How to draw a custom attribute in
The Cocoa Text System is incredibly flexible; but not nearly as well-documented as it should be given its power. The classes and methods themselves are completely documented as is the “big picture” - but there’s a lot of intermediate documentation that’s missing.
In this tutorial, we’ll build an app that draws a custom attribute in an
NSTextView like this:
NSAttributedString is great for drawing standard attributes such as font, font size, foreground and background colors; but it gets more complicated when you need to some something that requires actual drawing. This tutorial will show you how to do simple drawing of a custom attribute.
Download the example project from Github. You need Xcode 4.5 for this project; so if you don’t have it - go update Xcode first.
NSAttributedString for decorated text
NSAttributedString and its mutable counterpart
NSMutableAttributedString are used to draw decorated text. Using these classes, you can create strings with attributes that describe how the string should look when drawn. For example, you can add font and color attributes like this:
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This creates a string whose font size attribute is 24.0 pt. And if we want to display the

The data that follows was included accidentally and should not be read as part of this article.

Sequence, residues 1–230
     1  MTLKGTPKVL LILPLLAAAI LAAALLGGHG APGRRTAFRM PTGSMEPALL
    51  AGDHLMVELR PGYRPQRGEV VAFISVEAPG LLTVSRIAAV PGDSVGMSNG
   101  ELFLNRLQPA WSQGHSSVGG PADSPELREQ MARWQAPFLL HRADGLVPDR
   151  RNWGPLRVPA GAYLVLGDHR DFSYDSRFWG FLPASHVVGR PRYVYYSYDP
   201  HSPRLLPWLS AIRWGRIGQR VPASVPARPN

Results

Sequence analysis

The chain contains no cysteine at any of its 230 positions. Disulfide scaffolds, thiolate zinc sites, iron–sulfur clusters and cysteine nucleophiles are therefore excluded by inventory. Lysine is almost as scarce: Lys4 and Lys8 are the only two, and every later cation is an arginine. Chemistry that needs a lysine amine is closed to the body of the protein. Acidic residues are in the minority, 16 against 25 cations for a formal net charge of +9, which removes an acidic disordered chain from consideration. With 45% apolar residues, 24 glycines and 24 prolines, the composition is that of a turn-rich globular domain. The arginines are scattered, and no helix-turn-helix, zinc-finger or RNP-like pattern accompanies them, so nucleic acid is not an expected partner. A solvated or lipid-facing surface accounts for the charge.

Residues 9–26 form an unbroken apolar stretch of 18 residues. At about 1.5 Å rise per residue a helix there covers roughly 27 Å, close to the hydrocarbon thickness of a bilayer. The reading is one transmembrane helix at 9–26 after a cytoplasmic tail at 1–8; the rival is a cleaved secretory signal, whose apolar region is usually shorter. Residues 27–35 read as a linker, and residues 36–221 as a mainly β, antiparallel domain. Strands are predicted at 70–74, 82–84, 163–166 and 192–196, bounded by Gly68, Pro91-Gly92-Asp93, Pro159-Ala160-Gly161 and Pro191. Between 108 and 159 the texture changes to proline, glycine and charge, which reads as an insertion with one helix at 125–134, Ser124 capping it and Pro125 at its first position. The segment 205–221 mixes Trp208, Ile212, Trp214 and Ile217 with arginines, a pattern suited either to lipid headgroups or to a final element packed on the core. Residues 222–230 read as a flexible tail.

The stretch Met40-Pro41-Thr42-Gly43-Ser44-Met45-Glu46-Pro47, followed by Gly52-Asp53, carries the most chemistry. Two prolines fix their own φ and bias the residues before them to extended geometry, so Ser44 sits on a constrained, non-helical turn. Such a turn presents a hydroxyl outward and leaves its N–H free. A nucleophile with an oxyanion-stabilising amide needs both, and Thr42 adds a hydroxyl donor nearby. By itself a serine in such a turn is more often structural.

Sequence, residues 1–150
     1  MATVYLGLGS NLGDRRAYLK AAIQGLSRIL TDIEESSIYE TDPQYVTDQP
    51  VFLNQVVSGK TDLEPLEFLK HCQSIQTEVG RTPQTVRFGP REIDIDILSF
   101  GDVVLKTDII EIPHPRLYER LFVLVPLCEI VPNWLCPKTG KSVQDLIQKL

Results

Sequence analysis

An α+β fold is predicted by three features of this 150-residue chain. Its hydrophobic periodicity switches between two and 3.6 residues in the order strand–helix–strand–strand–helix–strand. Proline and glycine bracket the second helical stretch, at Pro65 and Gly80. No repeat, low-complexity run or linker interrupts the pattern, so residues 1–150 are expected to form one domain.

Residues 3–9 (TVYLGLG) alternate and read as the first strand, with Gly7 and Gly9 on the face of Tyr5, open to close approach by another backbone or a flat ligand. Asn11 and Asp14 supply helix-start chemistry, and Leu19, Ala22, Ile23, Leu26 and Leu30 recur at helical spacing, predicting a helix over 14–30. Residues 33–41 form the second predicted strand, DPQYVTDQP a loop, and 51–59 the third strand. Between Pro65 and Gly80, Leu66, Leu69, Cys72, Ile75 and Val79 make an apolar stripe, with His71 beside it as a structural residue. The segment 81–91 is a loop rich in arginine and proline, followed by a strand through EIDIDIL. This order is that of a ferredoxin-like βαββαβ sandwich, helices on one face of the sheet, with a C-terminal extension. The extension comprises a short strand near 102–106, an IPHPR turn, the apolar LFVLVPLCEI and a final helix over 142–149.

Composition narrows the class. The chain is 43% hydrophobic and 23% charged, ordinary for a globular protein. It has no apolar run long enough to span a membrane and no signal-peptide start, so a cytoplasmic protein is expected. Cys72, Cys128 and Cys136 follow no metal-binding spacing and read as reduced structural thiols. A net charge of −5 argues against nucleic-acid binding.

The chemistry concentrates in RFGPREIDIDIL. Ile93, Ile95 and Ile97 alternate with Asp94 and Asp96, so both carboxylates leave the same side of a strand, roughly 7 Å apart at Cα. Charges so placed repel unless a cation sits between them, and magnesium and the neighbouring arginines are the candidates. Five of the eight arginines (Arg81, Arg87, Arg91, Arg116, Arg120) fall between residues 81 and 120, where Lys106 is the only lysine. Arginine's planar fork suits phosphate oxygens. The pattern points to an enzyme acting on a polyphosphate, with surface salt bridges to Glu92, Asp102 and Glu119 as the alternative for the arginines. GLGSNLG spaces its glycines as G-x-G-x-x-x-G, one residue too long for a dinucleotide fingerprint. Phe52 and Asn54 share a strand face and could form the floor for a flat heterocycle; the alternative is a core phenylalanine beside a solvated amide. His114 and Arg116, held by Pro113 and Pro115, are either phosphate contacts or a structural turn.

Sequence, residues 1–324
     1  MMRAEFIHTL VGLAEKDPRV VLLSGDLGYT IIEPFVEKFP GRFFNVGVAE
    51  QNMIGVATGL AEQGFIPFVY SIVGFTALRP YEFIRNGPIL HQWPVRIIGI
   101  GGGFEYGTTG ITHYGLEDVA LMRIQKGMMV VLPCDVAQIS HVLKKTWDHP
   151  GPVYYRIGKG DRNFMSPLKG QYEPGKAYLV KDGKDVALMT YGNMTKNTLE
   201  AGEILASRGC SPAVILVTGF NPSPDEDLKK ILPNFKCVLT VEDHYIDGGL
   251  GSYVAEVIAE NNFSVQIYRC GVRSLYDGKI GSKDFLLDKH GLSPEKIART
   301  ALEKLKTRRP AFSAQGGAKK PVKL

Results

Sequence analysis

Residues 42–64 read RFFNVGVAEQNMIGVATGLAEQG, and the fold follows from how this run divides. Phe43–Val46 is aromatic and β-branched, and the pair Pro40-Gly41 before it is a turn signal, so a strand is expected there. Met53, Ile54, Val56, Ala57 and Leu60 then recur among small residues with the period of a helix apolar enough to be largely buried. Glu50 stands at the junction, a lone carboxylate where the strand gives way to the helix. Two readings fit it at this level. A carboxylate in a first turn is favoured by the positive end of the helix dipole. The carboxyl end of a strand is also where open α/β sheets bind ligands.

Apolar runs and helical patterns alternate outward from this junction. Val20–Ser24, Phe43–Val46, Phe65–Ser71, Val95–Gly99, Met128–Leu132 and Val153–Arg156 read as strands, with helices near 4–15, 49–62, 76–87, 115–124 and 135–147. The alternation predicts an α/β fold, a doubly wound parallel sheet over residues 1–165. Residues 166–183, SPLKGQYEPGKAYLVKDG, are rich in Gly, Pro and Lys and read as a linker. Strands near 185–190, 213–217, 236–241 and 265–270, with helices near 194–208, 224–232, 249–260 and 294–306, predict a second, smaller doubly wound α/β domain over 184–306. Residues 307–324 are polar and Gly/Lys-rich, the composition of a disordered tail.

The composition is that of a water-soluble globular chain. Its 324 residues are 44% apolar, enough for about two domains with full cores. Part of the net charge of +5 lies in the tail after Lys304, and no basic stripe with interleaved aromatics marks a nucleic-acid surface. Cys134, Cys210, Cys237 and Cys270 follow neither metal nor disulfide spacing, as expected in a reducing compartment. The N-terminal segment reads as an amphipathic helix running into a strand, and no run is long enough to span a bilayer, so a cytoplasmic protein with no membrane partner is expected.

attributedString in an
With the mutable variant
NSMutableAttributedString you can add and remove attributes dynamically:
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which will render like this:
Of course, you can also combine attributes:
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NSMutableAttributedString tracks changes to its string
If you want to change the underlying
NSMutableAttributedString without disturbing its attributes, you can use its
mutableString method to obtain an
NSMutableString that you can manipulate behind its back, while the
NSMutableAttributedString tracks the changes. In fact the object you get back from
mutableString is not actually an instance of
NSMutableString but an instance of
NSMutableStringProxyForMutableAttributedString instead. This proxy object is responsible for the tracking behavior internally.
What about custom attributes, then?
Let’s get started building the custom attribute. The drawing is done in the context of a layout manager - a subclass of
NSLayoutManager Since our intent is to use our custom attribute in the context of an
NSTextView we should look at the architecture of that class first.
NSTextView has a single text container in which is lays out text. The
NSTextContainer is a rectangular region in which to layout text. Each
NSTextView has a default text container, but it is possible to replace the text container using the
replaceTextContainer method. The text container uses a layout manager to layout and draw the text. There is readonly access to the text container’s layout manager on
NSTextView. In order to give
NSTextView a new layout manager, we have to set it on a new
So let’s start with a custom text view that we’ll call
CCFTextView. You can find the source code in the “view” folder. This text view basically does on thing - replace its
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commonInit function is called from either